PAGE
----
JANUARY 19, 1996
DAVID GERGEN: Willie Bosket, born in Harlem just after his dad had killed two men, a young man of near IQ genius level, age of nine locked up by the juvenile authorities, age fifteen killed two men himself, now, in his early thirties, considered the most violent criminal offender in New York State history, Hannibal Lecter some call him. You've spent some 200 hours now preparing your book, Talking to Willie. Who is the man you found behind the headlines?
FOX BUTTERFIELD, All God's Children: What was surprising was to find that a man who is as articulate and charming as he is, when he's also so incredibly violent. Even as an adult in prison,he went around stabbing guards, and so the prison system actually has had to design a special wing of the prison just for him.
DAVID GERGEN: And where did all the violence come from, in your judgment?
FOX BUTTERFIELD: Well, when I started the story, I, I found out that his father had also killed two men, and then I discovered that his grandfather had been a violent criminal and the great-grandfather, going back to a county called Edgefield, in South Carolina, had also been anotorious bad man at the turn of the century. So I began to trace the family back in time to this one county which historians have long known was one of or perhaps the most violent county in the country. In fact, it used to be called "Bloody Edgefield." Its murder--
DAVID GERGEN: It's just up the Savannah River.
FOX BUTTERFIELD: It's just across the Savannah River from Augusta, Georgia in up-country South Carolina. It had a murder rate in the 19th Century higher than that of New York City today, although as a small, rural, cotton-growing county, a typical crime--I tell one story in the book by a man named J. William Thurmond, who was the local prosecutor or district attorney, and he was sitting in his office, and one day, a man came by and started insulting him, calling him a damned dog and a scoundrel and a liar. Thurmond got mad, and he reached into his jacket pocket and, like a lot of Southern gentlemen, he had it tailored for a pistol, he pulled out his coat revolver and shot the man dead. And when Thurmond was put on trial, even though he was a district attorney, but he was acquitted in 35 minutes by the jury because he said this was a matter of honor. After this, the Senator from South Carolina, "Pitchfork Ben" Tillman, a famous character in Southern history, went to the President of the United States because he felt sorry for Thurmond and got him appointed U.S. attorney for South Carolina. And he was the father of Strom Thurmond.
DAVID GERGEN: The current Senator from South Carolina.
FOX BUTTERFIELD: The current Senator.
DAVID GERGEN: And the point you make in the book is there was that tradition of honor, of defending one's honor, and they grew up in the white community. A lot of Scotch-Irish came into South Carolina, just came into the South.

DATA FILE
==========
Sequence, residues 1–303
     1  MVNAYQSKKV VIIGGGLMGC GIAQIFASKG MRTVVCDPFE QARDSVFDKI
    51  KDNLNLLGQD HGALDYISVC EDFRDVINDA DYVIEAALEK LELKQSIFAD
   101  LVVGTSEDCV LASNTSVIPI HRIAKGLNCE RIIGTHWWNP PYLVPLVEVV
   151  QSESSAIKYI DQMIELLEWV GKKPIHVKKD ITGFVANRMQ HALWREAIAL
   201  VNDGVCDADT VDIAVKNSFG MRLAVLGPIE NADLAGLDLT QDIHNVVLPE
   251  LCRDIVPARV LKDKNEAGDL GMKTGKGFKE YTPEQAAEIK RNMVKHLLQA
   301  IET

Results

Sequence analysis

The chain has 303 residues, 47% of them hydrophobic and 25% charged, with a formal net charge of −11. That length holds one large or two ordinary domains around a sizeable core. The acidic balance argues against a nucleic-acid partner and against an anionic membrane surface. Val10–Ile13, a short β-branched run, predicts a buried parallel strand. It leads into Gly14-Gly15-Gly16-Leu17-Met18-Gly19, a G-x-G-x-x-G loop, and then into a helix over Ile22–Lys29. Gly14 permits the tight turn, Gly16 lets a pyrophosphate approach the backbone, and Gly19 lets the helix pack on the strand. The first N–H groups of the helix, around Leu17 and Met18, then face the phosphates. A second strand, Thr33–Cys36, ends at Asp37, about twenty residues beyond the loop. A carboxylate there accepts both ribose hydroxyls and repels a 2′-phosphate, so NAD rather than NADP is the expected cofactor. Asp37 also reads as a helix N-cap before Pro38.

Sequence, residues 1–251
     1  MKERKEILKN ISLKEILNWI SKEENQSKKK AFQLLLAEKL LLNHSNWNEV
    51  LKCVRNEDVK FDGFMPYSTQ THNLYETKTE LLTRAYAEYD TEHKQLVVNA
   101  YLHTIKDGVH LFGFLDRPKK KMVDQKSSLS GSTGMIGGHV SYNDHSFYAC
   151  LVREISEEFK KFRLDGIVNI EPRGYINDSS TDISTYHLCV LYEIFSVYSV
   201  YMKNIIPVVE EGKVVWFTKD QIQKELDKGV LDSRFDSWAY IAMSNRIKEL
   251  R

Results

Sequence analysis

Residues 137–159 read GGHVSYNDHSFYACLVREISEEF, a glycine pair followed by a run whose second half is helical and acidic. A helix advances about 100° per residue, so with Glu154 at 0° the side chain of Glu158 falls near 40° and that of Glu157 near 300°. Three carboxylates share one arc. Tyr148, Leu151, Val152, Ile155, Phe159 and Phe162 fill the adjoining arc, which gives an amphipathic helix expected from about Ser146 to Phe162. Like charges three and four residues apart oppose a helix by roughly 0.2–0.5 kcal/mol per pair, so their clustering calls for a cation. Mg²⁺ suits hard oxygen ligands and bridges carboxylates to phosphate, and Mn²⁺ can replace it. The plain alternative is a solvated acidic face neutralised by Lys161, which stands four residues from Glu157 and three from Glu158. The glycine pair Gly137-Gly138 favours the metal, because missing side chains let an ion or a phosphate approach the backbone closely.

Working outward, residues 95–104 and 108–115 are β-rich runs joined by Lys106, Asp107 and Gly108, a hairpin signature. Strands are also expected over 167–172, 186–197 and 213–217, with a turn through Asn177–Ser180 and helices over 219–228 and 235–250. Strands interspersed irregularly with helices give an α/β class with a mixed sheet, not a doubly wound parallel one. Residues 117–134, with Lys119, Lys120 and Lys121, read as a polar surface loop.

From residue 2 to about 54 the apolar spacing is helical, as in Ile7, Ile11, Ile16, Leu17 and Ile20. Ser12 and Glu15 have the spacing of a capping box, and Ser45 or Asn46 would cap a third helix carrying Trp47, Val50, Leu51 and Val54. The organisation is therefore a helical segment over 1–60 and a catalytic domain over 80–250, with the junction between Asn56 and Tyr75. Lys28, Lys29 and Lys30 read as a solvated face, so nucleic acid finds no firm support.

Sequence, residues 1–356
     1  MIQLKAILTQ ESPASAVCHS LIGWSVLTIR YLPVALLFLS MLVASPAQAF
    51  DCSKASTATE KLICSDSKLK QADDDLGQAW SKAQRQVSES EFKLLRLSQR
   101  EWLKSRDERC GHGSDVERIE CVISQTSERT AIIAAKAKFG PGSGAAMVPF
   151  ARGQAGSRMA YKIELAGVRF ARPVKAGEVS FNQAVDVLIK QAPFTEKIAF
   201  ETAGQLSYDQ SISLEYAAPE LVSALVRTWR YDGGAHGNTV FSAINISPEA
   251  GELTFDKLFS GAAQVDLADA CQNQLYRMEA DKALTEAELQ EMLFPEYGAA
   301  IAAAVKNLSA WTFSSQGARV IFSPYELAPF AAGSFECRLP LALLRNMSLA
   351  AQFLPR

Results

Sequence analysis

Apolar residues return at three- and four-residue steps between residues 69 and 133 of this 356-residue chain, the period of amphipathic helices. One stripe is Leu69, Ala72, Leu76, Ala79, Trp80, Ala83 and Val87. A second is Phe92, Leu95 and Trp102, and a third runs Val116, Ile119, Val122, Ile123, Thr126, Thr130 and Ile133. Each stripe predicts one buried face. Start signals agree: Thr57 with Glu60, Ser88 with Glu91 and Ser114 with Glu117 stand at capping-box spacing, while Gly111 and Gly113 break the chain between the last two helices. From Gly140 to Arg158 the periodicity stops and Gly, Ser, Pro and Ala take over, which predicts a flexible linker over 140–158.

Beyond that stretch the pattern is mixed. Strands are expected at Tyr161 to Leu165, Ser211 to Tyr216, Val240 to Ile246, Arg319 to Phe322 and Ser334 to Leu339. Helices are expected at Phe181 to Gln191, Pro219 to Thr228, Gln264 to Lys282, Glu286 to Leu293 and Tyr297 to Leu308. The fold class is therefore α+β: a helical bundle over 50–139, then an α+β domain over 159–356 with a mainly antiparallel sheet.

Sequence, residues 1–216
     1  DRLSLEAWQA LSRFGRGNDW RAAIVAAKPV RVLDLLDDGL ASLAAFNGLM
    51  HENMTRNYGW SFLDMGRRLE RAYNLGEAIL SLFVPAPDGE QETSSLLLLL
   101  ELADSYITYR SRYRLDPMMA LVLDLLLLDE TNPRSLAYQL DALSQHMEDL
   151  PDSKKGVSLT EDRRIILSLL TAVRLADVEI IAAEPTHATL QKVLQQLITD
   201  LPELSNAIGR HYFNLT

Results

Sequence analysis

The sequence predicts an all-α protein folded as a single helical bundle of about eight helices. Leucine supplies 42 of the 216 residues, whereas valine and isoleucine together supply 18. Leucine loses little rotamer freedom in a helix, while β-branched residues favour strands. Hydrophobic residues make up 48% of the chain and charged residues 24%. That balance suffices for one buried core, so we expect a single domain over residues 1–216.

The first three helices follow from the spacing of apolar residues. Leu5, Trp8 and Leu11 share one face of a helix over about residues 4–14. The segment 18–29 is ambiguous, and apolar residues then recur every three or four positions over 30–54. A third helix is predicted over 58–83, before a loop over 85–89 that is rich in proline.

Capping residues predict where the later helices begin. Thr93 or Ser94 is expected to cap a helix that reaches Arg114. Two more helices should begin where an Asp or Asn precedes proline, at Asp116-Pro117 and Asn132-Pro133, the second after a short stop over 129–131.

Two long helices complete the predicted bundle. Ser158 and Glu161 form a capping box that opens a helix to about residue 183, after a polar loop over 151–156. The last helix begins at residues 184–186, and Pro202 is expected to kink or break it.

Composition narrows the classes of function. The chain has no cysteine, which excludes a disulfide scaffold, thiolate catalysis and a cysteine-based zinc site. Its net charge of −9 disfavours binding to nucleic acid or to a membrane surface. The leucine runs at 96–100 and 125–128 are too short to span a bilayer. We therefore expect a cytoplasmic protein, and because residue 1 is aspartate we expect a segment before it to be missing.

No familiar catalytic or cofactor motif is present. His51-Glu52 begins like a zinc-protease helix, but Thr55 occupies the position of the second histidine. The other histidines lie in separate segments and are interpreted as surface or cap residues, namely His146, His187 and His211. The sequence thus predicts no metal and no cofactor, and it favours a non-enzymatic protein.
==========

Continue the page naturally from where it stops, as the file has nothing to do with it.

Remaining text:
FOX BUTTERFIELD: This very high homicide rate, all the way back in the 19th Century, doesn't make any sense according to our modern explanations of crime, because it didn't come from cities. It didn't have anything to do with race or with poverty or the broken family, or with television, so I had to look for another explanation, and it seemed to grow out of white Southerners called honor or reputation, the notion that you derived your worth from the opinion of others, so that if somebody insulted you, said something about you, you had to take personal physical action.
DAVID GERGEN: And the slaves who lived in that society, who then after the Civil War largely became sharecroppers, they picked up that same code. They learned from the white community.
FOX BUTTERFIELD: They learned that code and particularly, they found themselves outside the law. They couldn't go to court to seek redress because the courts were controlled by whites, the sheriffs, the police, the judges, and the juries, and in Willie Bosket's family this very specifically happened. His great-grandfather, a man named Pud Bosket, was a sharecropper in the 1890's,growing cotton on a white man's land, but he got tired of the white farmer whipping him, the vestige of slavery, so one day when the white farmer went to whip him, he turned around and grabbed the whip out of the white man's hand and he said, "Don't step on my reputation." There was this notion of honor, or what today we call "respect," and kids in the inner-cities call"dissing," disrespecting.
DAVID GERGEN: And what you're arguing is that that tradition has passed down in the black community from one generation to the next, but it also, what struck me about your book was, as opposed to the usual suspects we find as causes of crime or homicide, say poverty, economic issues, lack of jobs, drugs, what have you, you really--I was surprised to the degree to which you felt that the tradition of violence was passed down from father to son, father to son.
FOX BUTTERFIELD: Yes. And this was a big surprise for me. Willie, when he was a young boy,he didn't know exactly what his father had done, and his mother tried to shield him from the terrible secret that his father killed two men. But one day he saw on his grandmother's dresser a picture of a man in prison uniform. And he asked who it was, and his grandmother said, "That's your father. He killed two men. He's in prison. And when you grow up, you're going to be just like him." And Willie took that in a way as a mark of, of honor, of status, that his father had committed this worst of all crimes.